Has the economic situation impacted enrollment in your trips?
I believe it has. The number of individuals who participated in the most recent trip is down. Many people who had expressed interest in our trips communicated to me that they needed to postpone their plans because of the economy. Speaking in a broader sense and speaking with service providers around the world, Peru, Chile, Argentina, China and Nepal all report significant declines in tourism, with some reporting a 40-50% decline in visitors over the last six months. They all cited the “world economic crisis” as the reason for the decline.
What do you think will pull Conservation VIP through?
As an all-volunteer organization, we have no direct expenses. There is no payroll to meet and no rent to pay. We’re probably better positioned than many to sustain a temporary decline in enrollment.
What will ultimately sustain us is our commitment to help protect these World Heritage and World Biosphere sites to the best of our ability, and the generosity and support of local communities and their encouragement of us to return.
Are there some common misperceptions about eco-voluntourism – perhaps specific to the countries or areas in which you work – that you have to contend with?
Some individuals contact us and don’t realize that they need to pay for their own travel. That’s probably the largest misconception. We hope that donations from business, individuals and foundations will help further reduce volunteer costs. In the past we’ve offered scholarships to local citizens who participate. For example, we brought university students from Santiago to Torres del Paine one year.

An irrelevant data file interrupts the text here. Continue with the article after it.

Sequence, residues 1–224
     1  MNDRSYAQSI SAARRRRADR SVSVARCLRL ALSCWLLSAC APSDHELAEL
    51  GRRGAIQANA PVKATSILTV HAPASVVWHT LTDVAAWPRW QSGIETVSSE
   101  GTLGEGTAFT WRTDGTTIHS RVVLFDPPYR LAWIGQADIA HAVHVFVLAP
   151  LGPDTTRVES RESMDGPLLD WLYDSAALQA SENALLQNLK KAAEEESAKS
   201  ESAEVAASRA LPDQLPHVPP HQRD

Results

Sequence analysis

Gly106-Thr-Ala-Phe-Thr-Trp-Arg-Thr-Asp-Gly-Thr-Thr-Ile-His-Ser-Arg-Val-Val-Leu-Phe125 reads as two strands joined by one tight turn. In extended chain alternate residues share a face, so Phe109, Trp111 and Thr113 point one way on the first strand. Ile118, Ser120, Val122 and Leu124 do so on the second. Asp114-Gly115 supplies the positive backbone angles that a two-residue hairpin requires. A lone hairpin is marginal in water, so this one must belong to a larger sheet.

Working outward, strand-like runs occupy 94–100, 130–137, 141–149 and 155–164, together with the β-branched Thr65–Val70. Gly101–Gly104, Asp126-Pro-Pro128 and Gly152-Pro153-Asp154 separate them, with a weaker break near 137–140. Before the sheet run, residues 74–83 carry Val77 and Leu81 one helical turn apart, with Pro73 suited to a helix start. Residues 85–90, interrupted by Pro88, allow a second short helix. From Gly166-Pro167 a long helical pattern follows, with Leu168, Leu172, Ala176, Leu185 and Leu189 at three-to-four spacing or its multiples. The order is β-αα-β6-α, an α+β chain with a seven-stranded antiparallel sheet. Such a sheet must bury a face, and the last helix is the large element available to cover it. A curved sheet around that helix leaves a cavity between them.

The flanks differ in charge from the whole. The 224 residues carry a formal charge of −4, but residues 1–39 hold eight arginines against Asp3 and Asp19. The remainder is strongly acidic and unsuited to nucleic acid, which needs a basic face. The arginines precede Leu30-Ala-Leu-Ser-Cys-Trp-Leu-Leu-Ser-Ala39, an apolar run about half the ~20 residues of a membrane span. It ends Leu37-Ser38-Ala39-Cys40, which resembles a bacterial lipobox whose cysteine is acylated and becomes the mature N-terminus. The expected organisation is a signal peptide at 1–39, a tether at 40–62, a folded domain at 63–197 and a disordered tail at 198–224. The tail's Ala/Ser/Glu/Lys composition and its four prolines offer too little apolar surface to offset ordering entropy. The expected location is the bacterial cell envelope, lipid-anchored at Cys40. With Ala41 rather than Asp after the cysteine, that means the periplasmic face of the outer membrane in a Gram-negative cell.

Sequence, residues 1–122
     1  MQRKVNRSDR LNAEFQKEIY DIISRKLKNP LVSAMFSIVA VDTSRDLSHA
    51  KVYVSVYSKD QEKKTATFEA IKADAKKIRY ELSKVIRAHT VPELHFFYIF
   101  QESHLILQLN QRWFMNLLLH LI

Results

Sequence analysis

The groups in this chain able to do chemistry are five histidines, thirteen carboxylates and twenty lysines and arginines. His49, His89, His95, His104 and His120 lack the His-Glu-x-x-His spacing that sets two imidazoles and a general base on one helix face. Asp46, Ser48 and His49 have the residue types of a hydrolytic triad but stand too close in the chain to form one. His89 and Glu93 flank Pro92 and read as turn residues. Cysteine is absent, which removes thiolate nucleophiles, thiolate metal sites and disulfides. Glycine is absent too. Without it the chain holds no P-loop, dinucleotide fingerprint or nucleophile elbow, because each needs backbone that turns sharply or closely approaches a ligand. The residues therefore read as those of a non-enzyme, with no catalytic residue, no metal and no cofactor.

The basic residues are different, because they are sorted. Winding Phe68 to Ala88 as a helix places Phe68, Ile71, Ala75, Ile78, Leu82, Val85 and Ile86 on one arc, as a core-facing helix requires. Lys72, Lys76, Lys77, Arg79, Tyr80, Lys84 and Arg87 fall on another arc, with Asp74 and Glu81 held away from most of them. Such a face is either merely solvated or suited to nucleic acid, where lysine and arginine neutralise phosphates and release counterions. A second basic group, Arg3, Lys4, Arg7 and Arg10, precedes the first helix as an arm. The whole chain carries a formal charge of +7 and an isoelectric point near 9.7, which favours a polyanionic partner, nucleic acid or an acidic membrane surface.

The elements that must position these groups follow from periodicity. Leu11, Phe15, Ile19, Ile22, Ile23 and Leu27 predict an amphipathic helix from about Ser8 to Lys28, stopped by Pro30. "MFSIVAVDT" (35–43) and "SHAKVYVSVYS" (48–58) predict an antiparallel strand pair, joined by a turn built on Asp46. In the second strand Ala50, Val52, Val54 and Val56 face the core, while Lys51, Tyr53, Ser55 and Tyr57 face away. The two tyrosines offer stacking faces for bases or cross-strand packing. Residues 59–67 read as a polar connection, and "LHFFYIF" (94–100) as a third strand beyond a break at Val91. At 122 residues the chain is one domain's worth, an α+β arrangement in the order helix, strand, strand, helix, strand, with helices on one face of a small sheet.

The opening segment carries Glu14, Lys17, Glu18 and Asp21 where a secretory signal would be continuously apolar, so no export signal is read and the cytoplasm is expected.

What advice would you offer someone who is interested in experiencing eco-voluntourism? (How to find the best program for one’s interests and needs; How to evaluate programs in terms of reliability, responsibility to people and land, safety, etc.)
My first response is, sign up with us! There is a great deal of information available on line. It’d be good to begin with a trusted organization like VolunTourism.org, whose Internet site helps potential volunteers get started selecting a program and preparing for a trip. I’d also encourage people to look at a variety of opportunities and think about what they’d like to try. Someone first entering into this may want to try something close to home. For example, the American Hiking Society and Appalachian Trail Club offer great volunteer activities. People can also work in their own communities. With passage of the Edward M. Kennedy Serve America Act there should be a big push for volunteering here at home.
My advice is to try volunteering locally and see if you enjoy it before committing to a longer trip.
Is there one common, overarching benefit that your participants say they take away from their Conservation VIP experience?
The feeling that they have made a contribution; that they have given something back to help protect a World Heritage site. This gets back to that Margaret Mead quote. They feel that even as an individual in a small group, they were able to make a difference. They feel empowered and excited to go back and carry that same philosophy when they return home that they can make a difference. They want to stay engaged in their community or return for more trips.
One final anecdote for us?
When I was in Machu Picchu a couple of weeks ago, a visitor to the Sanctuary was walking by. We chatted for a few minutes and I explained what we were doing. He said, “Thank you for doing this. When you are doing this kind of volunteer work, these days are not subtracted from your life. These days are added to your life.” I think that really sums up why we are here doing what we do.